Pakistan will have "revenge" on their mind for a recent off-field snub when they take on New Zealand in the T20 World Cup in Sharjah on Tuesday, looking to build on the historic high of beating arch-rivals India in their tournament-opener.
For a lot of Pakistani fans, the team may have already won the World Cup by ending its 29-year-old jinx against India but the Babar Azam-led team has already shown the hunger for going all the way.
After the 10-wicket rout of India, Pakistan are fully capable of doing a Pakistan and self-destructing against the Black Caps, something that Babar discussed with his players in the dressing room after the win on Sunday night.
"We have not just come here to win against India, we have come here to win the World Cup, always remember that," Babar said after the match, fully aware that excess celebrations would only disturb focus.
Former Pakistan captains too have cautioned the players against extended celebrations as the team needs to do a lot more to make the semifinals.
Babar's team would be eyeing another big scalp in New Zealand, the team which recently withdrew from a scheduled series against Pakistan after landing there, citing a security threat which, according to the host country, did not exist.
The pullout hampered Pakistan's World Cup preparations which took a further hit with England too withdrawing from the tour.
Babar had hardly minced words in criticising the two sides saying that his country has "always tried to accommodate the interests of the game but others simply don't." Tuesday's game is being perceived by Pakistan's cricket community as an opportunity for the team to extract revenge for the damage that New Zealand caused by going back without playing.
Despite a difficult month, which also saw changes in the Pakistan Cricket Board (PCB) administration, the team seemed like a well-oiled machine against India, not putting a foot wrong in a performance that was stunning to many.
Their batting, though not yet tested fully, seems to have the firepower with Babar and Mohammad Rizwan doing a sensational job at the top.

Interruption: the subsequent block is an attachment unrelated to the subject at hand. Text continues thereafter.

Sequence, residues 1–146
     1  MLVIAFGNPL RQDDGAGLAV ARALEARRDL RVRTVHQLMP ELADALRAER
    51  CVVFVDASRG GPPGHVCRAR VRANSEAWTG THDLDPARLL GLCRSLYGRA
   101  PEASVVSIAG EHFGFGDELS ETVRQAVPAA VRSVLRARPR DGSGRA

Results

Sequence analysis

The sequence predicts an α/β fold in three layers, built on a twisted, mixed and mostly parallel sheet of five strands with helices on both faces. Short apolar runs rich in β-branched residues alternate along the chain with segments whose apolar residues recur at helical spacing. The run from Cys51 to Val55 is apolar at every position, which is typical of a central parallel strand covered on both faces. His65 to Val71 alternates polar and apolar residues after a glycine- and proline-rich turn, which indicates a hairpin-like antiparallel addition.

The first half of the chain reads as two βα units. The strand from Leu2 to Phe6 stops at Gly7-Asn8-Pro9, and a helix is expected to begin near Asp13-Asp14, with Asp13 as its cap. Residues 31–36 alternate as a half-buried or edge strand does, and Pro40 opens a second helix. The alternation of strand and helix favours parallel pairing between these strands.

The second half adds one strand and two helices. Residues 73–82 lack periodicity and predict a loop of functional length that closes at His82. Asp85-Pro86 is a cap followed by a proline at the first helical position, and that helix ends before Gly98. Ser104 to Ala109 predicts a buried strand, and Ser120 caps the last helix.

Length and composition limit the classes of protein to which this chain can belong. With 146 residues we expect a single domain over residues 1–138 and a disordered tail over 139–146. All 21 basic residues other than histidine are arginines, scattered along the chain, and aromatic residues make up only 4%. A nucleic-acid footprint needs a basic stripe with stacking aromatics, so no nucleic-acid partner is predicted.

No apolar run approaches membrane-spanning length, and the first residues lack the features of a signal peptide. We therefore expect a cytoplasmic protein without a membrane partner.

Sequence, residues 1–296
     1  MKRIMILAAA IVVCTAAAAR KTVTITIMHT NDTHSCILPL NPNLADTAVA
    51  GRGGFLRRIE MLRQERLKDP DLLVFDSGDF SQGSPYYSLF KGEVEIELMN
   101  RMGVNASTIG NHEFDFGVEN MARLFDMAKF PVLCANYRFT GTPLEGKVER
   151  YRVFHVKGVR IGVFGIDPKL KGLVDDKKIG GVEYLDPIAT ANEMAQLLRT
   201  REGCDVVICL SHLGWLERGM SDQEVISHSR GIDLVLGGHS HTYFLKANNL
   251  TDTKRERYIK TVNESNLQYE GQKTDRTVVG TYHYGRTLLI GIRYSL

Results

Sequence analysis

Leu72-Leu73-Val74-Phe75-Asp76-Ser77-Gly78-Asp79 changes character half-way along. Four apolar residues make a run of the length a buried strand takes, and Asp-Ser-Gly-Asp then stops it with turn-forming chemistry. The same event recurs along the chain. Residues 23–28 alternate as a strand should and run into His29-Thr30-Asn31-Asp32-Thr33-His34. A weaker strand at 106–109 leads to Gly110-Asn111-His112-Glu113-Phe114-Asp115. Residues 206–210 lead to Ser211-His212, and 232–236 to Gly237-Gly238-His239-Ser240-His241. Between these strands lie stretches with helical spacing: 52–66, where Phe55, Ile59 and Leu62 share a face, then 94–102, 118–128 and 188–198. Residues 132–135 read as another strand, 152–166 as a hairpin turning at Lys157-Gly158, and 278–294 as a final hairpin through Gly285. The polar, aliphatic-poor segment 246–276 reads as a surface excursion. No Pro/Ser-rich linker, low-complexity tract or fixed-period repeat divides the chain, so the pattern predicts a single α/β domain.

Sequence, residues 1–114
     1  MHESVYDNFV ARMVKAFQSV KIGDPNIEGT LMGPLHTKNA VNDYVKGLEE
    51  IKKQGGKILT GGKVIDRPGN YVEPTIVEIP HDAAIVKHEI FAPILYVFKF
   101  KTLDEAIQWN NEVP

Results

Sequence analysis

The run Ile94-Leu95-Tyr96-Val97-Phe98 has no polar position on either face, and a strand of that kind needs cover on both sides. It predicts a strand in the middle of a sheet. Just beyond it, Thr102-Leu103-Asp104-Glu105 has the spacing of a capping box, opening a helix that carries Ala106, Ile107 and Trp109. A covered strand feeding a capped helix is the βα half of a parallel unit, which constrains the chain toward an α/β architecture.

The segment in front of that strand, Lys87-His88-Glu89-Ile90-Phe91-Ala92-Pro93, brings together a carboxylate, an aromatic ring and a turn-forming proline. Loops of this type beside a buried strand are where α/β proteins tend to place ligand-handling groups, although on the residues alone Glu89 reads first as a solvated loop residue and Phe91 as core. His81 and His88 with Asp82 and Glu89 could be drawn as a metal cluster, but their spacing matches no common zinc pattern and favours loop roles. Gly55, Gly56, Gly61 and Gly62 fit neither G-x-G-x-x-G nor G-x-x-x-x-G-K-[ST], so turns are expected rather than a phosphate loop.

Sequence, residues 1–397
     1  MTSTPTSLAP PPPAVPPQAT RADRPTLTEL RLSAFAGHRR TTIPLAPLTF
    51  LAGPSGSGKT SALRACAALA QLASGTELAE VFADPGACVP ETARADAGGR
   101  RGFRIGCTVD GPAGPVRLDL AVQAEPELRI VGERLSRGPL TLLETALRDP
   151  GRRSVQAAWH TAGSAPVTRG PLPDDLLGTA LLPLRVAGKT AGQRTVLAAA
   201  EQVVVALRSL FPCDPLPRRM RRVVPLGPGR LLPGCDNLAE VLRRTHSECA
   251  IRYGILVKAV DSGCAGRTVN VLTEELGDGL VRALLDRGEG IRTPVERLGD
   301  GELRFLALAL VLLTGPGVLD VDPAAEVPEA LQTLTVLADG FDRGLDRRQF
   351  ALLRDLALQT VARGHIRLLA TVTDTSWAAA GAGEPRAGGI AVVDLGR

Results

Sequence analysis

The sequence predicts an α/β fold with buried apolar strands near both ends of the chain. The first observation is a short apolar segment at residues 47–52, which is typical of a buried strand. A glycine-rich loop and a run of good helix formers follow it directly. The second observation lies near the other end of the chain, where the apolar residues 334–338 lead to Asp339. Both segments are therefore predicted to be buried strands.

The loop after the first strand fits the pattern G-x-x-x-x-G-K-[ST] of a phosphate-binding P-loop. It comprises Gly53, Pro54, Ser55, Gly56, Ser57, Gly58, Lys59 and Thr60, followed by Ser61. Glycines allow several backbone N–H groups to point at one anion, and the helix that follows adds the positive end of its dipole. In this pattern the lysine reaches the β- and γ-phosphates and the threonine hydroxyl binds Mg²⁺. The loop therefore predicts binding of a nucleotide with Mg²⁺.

With seasoned pros like Fakhar Zaman, Mohammad Hafeez and Shoaib Malik making the middle order, it is safe to assume that New Zealand's bowlers have a task at hand.
They also have a lot of options in the bowling department, be it pace or spin. Pakistan used seven bowlers against India and veteran Malik wasn't even one of them.
He didn't need to be used as the spin troika of Imad Wasim, Shadab Khan and Hafeez kept things tight.
Shaheen Shah Afridi was sensational with the new ball and New Zealand openers will have to watch out for his fast in-swinging yorkers.
Haris Rauf, another pacer who bowls in the range of 145-150 kmph, showed he will be difficult to hit in the death overs.
New Zealand have not had the best of build-ups to their campaign, having lost to Australia and England in the warm-ups.
One of their main concerns is the fitness of skipper Kane Williamson, who is battling with elbow pain for a while now and head coach Gary Stead said the injury had flared up a bit in the game against Australia. Williamson did not bat against England.
The Black Caps have a world-class bowling attack but their batters need to step up.
Despite the many concerns, they have a consistent record in ICC events and one can't rule them out for a place in the final four.
As the Sri Lanka-Bangladesh match suggested, the Sharjah pitch is changing its slow and low nature which was seen in the IPL and one can expect a good batting surface for game on Tuesday evening.
New Zealand: Kane Williamson (c), Todd Astle, Trent Boult, Mark Chapman, Devon Conway, Lockie Ferguson, Martin Guptill, Kyle Jamieson, Daryl Mitchell, Jimmy Neesham, Glenn Phillips, Mitchell Santner, Tim Seifert, Ish Sodhi, Tim Southee
Pakistan: Babar Azam (c), Mohammed Rizwan, Fakhar Zaman, Mohammad Hafeez, Shoaib Malik, Hasan Ali, Harris Rauf, Shaheen Shah Afridi, Imad Wasim, Shadab Khan, Mohamed Nawaz, Asif Ali, Haider Ali, Sarfaraz Ahmed, Mohammed Wasim